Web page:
And let that be a lesson
Last week, I was picking up an order at the drive-thru window of a coffee shop because life is too precious to get out of one’s car. A quick scan of the bag revealed I was missing the coffee creamers. Upon letting the 16-year old ingénue at the window know about the omission, she did nothing more than wrinkle her left nostril at me. “I’m missing the creamers,” I repeated. “And?” the Mensa candidate said, punctuating her response with a snap of her gum.
Not an “And, let me quickly get those for you.” It was an “And, do you think I care whether you ever get your creamers while your middle-aged butt takes up space on this planet?”
And? And? I couldn’t believe her audacity. “Why you little...” The take-out minx shut the window before I could finish. A car started beeping its horn behind me so I had no choice but to move along without my creamers.
At that moment, my cell phone rang. It was my sister letting me know I was late in delivering the coffee and donuts to the PTO meeting. I was livid. My sister is like a cable news channel – 24 hours of things I all ready know. There was only one way to respond. “And?” I said. I hung up and threw my cell phone out the window. Curiously, I felt better. The use of the word was intoxicating. What a perfect encapsulation of all that goes unsaid. I became empowered.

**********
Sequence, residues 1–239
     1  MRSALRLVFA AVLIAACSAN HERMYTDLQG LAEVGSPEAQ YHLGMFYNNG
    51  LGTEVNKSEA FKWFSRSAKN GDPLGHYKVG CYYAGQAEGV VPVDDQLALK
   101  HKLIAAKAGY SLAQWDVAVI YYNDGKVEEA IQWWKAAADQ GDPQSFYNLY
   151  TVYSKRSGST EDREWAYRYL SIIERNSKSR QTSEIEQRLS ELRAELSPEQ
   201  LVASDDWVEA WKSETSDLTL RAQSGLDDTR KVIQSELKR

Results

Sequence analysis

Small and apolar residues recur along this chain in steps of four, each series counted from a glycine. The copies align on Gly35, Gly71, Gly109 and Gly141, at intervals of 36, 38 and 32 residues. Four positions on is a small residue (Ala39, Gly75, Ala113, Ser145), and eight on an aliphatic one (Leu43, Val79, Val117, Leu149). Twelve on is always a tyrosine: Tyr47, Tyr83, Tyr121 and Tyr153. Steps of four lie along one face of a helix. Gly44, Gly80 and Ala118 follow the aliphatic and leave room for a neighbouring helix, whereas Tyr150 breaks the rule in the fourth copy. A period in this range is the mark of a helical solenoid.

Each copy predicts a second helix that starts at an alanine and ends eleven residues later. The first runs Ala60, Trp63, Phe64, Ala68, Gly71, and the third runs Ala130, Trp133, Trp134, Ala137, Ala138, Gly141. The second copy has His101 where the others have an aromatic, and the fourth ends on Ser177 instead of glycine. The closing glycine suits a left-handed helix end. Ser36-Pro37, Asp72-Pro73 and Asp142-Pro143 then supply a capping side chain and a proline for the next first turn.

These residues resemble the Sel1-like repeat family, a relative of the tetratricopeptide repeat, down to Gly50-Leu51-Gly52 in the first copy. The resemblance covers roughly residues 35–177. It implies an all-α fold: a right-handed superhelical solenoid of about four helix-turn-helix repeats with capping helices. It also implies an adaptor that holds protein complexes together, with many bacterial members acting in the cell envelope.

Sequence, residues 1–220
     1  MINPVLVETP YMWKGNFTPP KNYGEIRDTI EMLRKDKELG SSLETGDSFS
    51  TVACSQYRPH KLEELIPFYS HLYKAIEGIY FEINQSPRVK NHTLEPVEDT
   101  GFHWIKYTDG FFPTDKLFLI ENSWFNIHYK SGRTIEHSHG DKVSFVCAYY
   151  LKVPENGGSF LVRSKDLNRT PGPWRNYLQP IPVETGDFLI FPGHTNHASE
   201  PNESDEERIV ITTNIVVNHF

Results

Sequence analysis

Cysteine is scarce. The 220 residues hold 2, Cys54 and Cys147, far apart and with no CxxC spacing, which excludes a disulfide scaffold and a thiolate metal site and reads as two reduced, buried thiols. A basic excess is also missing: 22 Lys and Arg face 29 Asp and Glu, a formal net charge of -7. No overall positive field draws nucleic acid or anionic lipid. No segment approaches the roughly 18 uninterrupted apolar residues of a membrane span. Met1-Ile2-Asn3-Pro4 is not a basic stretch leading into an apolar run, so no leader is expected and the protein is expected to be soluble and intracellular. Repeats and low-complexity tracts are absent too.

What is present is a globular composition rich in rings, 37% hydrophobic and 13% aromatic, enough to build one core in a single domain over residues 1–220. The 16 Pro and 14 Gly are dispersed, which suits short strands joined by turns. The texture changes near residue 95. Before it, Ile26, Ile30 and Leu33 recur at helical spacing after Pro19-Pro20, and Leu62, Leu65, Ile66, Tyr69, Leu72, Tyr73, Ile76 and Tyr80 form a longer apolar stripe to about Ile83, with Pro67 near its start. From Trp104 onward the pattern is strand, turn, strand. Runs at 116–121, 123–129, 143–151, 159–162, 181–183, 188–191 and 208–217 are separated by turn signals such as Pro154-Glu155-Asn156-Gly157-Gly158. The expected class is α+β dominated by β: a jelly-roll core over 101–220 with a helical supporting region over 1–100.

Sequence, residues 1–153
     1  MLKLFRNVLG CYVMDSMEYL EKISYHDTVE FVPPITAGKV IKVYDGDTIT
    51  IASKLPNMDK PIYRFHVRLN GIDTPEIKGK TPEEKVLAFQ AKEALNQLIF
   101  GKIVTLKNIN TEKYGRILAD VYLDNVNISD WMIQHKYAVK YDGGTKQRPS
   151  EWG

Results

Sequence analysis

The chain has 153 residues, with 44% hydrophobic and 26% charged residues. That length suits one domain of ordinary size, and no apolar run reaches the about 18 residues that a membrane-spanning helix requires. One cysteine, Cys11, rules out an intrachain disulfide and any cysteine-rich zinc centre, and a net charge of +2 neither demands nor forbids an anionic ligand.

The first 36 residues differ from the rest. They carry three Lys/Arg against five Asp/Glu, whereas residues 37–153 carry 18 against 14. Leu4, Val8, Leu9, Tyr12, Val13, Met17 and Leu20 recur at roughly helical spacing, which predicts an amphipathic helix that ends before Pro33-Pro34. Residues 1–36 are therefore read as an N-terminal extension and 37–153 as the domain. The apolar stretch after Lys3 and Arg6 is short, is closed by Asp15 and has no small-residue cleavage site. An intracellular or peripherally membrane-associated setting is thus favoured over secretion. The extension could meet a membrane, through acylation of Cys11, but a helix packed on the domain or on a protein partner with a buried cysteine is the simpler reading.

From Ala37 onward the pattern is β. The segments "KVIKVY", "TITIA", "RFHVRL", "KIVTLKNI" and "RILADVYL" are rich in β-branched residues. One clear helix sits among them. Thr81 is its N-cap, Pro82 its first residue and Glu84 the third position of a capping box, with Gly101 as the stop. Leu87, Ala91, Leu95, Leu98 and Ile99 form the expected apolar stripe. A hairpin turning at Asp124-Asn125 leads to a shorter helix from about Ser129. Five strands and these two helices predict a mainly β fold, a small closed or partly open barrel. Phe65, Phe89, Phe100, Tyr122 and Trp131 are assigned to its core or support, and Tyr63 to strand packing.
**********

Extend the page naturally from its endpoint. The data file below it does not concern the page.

One of my kids came home from school and said “Mom, you packed a dirty sock in my lunch today.” “And?” I responded. The unsaid: Do you think it is easy balancing work and family and trying to provide nutritious meals that you might actually eat? Besides, that sock has more iron than the broccoli I served you last night so get over it.
My oldest child mentioned that the new iPod plays movies. “And?” I said. The unsaid: How about doing some iLaundry or iDishes to make some iMoney of your own and giving your iMom a break?
After dinner, my husband announced with a wink that the children were asleep. “And?” I said. The unsaid: Great, because I’m really in the mood after working all day, wrestling three kids to bed and watching an hour of The Golf Channel during dinner. Race you to the bedroom!
With this perfect word, someone, it appeared, did die and make me queen. But my time in the throne was to be cut short. I made the mistake of calling my mother, the High Priestess of Insulting Behavior. If I reached her by 10:00 a.m., she would only be on her third martini. “We’d love to have you for Thanksgiving Dinner,” I told her.
“And?” she snorted.
And, I vowed never to use that expression again. Life is much more pleasant when you’re pleasant.